Toxic Stress

Mar 5, 2016


Stress can affect children and adults at any point in their lives. Severely stressful situations, both seen and unseen can produce a poisonous psycho-emotional effect, known as toxic stress. The lasting effects of this type of stress are significant. A person’s age at the time of the stressful situation is a major factor in determining the type of poisonous effects and the severity of the consequences.

In general, the effects of severe stress are more significant when the exposure occurs at a younger age. A younger brain, including a prenatal brain, is simply more vulnerable to the chemicals produced by toxic stress.

Here is a summary of the lasting effects when exposed to stress at different stages:

Early Childhood- Lasting Impact on Ability to Learn

Late Childhood-Lasting Impact on Ability to Focus and Impulsiveness

Adolescence- Lasting Hypersensitivity to Anything Stressful

Adulthood- Impact on the Ageing Process Including Effects on Cognition and Memory

Let’s look at some of the major ways that exposure to toxic stress can and does affect our lives and the lives of those around us.

Increased Possibility of Addictions: Drugs, Alcohol, Marijuana, Gambling, are some of the temporary escapes from emotional pain. For example, when a child consistently feels rejected or bullied they give up hope. They can easily turn inward and sometimes become addicted to video games.

 Hypersensitivity to threats: For example if a child has a traumatic experience such as witnessing a pet being abused by a parent he or she may panic every time his or her dog is out of sight.

Increased Possibility of Illness: Stress has a negative effect on the body. Long term stress can be detrimental to metabolism, heart health, and immune system. 

Increased Possibility of Mental Illness: Stress can also be toxic to the mind. Long term stress can lead to a variety of mental ailments. 

Increased Possibility of Illness and Chronic Conditions: Chronic stress leads not only to depression but also anxiety, panic attacks, and can easily lead to physical ailments from anything from headaches to heart problems. Research also shows that exposure to neglect and abuse during childhood is associated with pain conditions such as migraine headaches .

How to shield against the effects of toxic stress.

Regardless of the intensity of the stress, a child just needs at least one strong loving caring non-judgemental and accepting relationship with an adult to overcome the most damaging results. It does not have to be a parent, it can be a teacher, a grandparent, a relative or an adult family friend. The responsible and stable adult figure allows the child to understand context and the origin of the stress and help to place it in some perspective. This confirmation softens the psychological effects of the stress and the child is empowered to feel more in control of his/her environment.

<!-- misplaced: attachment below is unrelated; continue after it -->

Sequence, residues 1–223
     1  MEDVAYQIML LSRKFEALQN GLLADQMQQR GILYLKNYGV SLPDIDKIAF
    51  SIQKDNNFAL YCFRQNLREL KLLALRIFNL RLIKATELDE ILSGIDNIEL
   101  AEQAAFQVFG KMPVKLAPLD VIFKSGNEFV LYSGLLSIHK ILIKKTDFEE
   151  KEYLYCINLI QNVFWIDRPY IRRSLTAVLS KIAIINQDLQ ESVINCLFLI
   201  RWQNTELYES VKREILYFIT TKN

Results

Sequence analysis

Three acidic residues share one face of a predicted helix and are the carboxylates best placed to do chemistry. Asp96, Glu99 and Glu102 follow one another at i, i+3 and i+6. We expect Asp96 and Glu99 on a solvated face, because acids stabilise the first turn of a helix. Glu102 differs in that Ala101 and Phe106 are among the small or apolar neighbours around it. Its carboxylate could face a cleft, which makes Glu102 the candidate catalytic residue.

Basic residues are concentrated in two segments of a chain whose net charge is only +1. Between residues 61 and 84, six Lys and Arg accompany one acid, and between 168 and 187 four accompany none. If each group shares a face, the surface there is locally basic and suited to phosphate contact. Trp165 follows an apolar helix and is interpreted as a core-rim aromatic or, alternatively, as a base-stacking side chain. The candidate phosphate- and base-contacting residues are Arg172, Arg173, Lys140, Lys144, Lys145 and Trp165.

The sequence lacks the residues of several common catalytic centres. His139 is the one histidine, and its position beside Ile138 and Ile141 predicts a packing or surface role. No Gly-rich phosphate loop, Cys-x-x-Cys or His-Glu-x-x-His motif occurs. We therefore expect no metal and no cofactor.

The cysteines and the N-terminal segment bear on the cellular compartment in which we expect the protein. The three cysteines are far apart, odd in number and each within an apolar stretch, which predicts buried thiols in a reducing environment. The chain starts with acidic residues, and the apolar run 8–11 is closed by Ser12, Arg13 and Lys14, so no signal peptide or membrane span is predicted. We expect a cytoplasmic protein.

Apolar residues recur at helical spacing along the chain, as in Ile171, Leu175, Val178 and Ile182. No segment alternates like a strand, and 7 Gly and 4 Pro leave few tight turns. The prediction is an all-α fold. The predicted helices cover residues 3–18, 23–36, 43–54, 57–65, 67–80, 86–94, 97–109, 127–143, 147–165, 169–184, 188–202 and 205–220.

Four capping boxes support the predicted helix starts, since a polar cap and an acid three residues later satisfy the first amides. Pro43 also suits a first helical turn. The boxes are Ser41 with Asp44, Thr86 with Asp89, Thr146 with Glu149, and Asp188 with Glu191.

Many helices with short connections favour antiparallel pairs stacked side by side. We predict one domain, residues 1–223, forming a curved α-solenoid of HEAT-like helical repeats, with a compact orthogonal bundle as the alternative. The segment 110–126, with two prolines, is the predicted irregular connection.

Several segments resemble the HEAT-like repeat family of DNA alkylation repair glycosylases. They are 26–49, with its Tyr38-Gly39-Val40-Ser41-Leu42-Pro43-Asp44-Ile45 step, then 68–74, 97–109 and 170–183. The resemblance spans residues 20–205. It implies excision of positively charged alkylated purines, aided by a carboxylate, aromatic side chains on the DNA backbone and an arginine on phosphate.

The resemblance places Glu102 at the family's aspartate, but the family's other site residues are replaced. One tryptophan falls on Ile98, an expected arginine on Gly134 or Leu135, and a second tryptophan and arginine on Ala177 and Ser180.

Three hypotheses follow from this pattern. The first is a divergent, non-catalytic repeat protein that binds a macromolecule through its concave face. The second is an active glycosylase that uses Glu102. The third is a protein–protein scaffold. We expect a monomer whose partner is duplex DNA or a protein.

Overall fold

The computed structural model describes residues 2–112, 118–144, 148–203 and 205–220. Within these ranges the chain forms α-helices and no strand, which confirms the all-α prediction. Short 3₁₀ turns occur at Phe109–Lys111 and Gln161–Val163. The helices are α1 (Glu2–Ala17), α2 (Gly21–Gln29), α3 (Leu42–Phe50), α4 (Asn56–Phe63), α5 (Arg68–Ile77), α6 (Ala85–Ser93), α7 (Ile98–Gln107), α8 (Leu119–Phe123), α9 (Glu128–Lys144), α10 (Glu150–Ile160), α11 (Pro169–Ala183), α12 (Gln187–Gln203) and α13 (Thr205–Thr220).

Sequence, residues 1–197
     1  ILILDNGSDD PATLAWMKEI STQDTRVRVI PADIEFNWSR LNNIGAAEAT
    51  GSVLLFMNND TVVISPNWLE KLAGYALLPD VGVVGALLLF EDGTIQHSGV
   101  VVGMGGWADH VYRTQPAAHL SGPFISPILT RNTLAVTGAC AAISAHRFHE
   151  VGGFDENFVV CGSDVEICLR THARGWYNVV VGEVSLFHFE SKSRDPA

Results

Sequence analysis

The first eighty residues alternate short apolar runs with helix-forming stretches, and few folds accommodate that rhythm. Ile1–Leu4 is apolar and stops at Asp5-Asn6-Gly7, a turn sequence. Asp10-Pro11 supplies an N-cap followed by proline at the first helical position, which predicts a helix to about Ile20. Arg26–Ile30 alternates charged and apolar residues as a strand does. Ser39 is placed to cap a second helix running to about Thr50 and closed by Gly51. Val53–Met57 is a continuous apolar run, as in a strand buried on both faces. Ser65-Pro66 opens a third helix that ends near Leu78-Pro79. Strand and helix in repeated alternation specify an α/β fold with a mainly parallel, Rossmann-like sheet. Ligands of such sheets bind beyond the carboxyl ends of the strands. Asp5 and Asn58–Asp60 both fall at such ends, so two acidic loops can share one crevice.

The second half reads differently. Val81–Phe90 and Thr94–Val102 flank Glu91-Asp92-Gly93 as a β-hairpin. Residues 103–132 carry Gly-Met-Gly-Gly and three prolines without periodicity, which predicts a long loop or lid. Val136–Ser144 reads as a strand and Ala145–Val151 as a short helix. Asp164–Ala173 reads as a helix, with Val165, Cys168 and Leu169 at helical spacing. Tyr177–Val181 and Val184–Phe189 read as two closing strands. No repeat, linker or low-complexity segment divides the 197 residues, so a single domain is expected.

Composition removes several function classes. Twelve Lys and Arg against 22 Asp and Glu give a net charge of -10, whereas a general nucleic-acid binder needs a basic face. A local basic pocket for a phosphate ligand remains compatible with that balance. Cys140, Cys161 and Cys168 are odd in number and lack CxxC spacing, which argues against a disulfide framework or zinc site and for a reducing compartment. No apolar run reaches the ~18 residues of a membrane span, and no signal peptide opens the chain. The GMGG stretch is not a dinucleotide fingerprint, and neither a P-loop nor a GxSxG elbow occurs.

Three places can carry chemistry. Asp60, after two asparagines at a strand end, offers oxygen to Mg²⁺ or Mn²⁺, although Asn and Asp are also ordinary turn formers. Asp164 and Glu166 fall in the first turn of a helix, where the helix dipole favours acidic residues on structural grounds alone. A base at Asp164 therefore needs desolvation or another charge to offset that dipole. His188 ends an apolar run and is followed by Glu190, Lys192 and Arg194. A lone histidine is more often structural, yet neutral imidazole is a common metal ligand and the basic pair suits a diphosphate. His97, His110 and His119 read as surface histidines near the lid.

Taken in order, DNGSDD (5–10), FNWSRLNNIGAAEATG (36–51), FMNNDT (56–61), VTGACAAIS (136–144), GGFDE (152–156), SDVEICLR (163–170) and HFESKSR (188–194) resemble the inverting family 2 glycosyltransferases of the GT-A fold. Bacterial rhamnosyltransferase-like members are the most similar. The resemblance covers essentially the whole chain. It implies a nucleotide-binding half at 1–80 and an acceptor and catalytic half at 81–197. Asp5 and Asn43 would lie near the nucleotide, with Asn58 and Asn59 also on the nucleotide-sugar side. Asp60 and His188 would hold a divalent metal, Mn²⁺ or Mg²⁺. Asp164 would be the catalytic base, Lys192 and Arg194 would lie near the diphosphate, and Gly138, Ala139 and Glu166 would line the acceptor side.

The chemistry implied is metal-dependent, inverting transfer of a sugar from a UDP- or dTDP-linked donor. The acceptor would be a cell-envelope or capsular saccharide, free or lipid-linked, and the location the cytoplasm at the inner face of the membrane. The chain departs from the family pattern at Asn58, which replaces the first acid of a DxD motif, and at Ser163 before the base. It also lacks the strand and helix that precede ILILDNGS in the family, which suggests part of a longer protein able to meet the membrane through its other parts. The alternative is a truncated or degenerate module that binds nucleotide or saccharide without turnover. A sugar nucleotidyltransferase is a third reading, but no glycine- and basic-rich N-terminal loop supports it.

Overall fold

1. Empowerment:  Build children’s confidence and sense of self by giving them specific and realistic praise as well as opportunities for success. Bear in mind that it is common knowledge that it takes about six positive interactions to make up for one negative one. Creating channels for children to experience more positive emotions more often will reduce the effects of stress in the immediate and longer term.
  2. Touch: Children, as well as all humans, need touch. Safe, deliberate hugs and kind touches will have a positive effect. Be aware that not all children are comfortable with touch even though they need it. If they shy away, respect that but do not stop offering them safe hugs and touch.
  3. Provide Opportunities: Show children that they are not helpless and provides opportunities for them to see the different paths and alternatives in life through reading, stories, film, and social outlets with friends and family.
  4. Encourage Hobbies: If home is a stressful place, it is even more important to encourage children to participate in sports, art and music classes, camps or workshops in order to develop skills and have some relief from the immediate stress.
  5. Emphasize Physical Health: Helping children to stay physically healthy through a good balanced diet, good clothing, sports, yoga and other physical activities can make a world of difference.
  6. Don’t Give Up Hope: The effects of toxic stress can be reduced and reversed. When the stress is recognized early on there is increased possibility of exiting the stress in a healthy longlasting way. Strong, supportive relationships are the best way to protect children and adults alike against the traumatic effects of stress. The power of human connection is profound.

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